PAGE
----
Saul Goodman drives a white 1997 Cadillac DeVille with the vanity plate “LWYRUP.” Jimmy McGill’s ride is much more modest: a yellow Suzuki Esteem with a red door. That said, in the pilot of Better Call Saul, we very briefly see a white Cadillac DeVille—Jimmy parks his car next to it, in a truly blink-and-you-miss-it allusion to what’s to come. (Gus, notably, is driving the same blue Volvo in both shows.)

8. Home sweet home

In Better Call Saul, one of the retirement homes that Jimmy visits in his quest to find new clients for his growing elder law business is Casa Tranquila. If it sounds familiar, that's because it's a key location in Breaking Bad as the home of Hector Salamanca, and the place where he kills his longtime nemesis Gus Fring. It’s a nice touch to revisit the location, especially given the fact that Better Call Saul gives us the story as to how Hector wound up in a wheelchair in the first place.

9. What's your poison?

There’s also a nice bit of brand continuity with the made-up tequila Zafiro Añejo. Gus poisons a bottle to get back at Don Eladio in Breaking Bad, and we see the same blue bottle pop up in Better Call Saul when Jimmy and Kim scam a cocky stock broker named Ken. Ken, for his part, seems to be reaping a constant stream of bad karma, as he’s also in Breaking Bad as a victim of Heisenberg’s wrath. He swipes Walt’s parking spot—and has his car set on fire for his trouble.

10. The little piggy

Though Mike is hard as nails, he’s got a soft spot the size of Texas for his granddaughter Kaylee. He gifts her a pink pig plush in Better Call Saul, which crops up again in Breaking Bad under slightly less cute circumstances. He uses the doll as a distraction when an assassination attempt is made on his life.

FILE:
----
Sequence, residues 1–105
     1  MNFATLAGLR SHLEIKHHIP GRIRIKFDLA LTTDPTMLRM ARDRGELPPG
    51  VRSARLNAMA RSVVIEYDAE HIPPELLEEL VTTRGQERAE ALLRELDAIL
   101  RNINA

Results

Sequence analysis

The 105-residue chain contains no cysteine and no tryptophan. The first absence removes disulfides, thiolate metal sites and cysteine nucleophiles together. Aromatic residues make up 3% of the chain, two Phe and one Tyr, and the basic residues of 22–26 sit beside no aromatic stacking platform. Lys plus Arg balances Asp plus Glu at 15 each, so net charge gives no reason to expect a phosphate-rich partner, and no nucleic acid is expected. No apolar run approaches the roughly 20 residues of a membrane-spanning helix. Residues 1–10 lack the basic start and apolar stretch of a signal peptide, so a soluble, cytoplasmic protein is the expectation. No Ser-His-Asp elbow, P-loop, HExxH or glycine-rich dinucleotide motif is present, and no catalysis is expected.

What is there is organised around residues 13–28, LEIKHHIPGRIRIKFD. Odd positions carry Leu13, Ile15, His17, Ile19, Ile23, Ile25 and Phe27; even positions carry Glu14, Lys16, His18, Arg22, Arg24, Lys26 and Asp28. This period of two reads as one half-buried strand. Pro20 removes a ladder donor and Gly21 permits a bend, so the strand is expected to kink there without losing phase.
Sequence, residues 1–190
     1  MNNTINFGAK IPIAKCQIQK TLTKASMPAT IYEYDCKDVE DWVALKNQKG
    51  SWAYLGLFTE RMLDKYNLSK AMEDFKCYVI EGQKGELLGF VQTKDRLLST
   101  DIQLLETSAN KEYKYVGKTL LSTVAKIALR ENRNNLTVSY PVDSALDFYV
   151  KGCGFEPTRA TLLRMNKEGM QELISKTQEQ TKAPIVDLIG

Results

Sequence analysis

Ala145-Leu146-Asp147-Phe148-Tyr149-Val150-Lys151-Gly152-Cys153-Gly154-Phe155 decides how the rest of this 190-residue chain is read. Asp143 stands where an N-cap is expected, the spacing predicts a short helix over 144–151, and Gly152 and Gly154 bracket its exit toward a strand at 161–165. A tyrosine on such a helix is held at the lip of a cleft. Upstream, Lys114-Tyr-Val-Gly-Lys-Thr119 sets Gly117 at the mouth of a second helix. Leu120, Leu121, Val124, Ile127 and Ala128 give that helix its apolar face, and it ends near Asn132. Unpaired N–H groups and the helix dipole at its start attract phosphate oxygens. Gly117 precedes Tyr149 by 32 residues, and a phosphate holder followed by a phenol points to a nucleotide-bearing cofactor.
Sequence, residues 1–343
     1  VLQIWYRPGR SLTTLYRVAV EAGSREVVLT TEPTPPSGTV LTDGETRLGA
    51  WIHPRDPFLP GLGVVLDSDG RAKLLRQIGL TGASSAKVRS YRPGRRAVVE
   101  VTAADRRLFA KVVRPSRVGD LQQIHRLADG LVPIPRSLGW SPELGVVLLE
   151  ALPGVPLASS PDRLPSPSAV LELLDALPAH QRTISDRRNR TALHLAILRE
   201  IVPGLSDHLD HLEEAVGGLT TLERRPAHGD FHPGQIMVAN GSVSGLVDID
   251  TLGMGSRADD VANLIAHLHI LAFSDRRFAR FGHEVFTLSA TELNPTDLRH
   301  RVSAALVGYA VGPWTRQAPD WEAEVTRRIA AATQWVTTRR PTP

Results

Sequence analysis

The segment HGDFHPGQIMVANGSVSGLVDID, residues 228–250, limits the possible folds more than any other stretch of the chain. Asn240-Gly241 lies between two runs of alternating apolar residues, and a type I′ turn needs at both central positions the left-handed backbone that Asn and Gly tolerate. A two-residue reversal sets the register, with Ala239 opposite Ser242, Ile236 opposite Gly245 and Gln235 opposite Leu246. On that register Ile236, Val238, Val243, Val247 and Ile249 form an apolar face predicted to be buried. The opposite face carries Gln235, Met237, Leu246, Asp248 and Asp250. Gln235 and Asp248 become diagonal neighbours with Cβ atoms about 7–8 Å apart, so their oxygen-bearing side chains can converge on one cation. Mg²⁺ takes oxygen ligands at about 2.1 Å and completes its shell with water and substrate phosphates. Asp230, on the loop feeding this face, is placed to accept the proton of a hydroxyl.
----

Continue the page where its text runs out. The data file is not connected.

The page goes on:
11. Word games

Giancarlo Esposito as Gus Fring in 'Breaking Bad'
Ursula Coyote, AMC

The first letters of the episode titles of the second season of Better Call Saul are an anagram for “FRING’S BACK.” It’s a granular sort of trick that the creators have pulled off before: four of the episodes of season two of Breaking Bad spell out “Seven Thirty-Seven Down Over ABQ.” In the season finale, a 737 plane does indeed go down over Albuquerque, or ABQ.

12. Sentimental value

Given that Saul’s Breaking Bad office has a lot of strange objects in it, it’d be easy to miss the octagonal desk. As it turns out, the offices of Saul Goodman aren’t the desk’s first home: it’s seen in the background of Kim’s office in Better Call Saul. It’s retroactive, sure, but it’s still nice to know that Saul has some mementos around.

13. Movie night

Bob Odenkirk and Rhea Seehorn in 'Better Call Saul'
Ursula Coyote, AMC/Sony Pictures Television

There’s also a little sentimental value in the name of Saul’s holding company, Ice Station Zebra Associates, which he uses to help Walt launder money in Breaking Bad. As we discover in Better Call Saul, Ice Station Zebra is Kim’s favorite movie, due to her father’s affection for it. Though Kim is physically absent from Breaking Bad, small details seem to tie back to her all the time.

14. Set dressing

Krazy-8, may he rest in peace, also shows up in Better Call Saul. The van that he drives has the logo for Tampico Furniture on it, and he’s wearing a uniform with the logo as well. Tampico is where Walt, as he recalls in Breaking Bad, bought Walter Jr.’s crib. Unfortunately, those fond memories aren’t quite enough to save Krazy-8’s skin.

15. Beware of bugs

Before Mike leaves Philly for Albuquerque, a bartender tells him to be mindful of tarantulas. The spider plays a key role in Breaking Bad later on, as a young boy’s pursuit of the bug puts him in Walt’s path—and Todd’s path, by proxy. Determined to make a good impression on Walt, and knowing that there can’t be any witnesses to what they’re doing, Todd shoots the boy in one of the most shocking and cold-blooded moments in the entire series.

An earlier version of this story ran in 2018.

This Land Is Your Land: The Story Behind America's Best-Known Protest Song

American singer Woody Guthrie, circa 1960.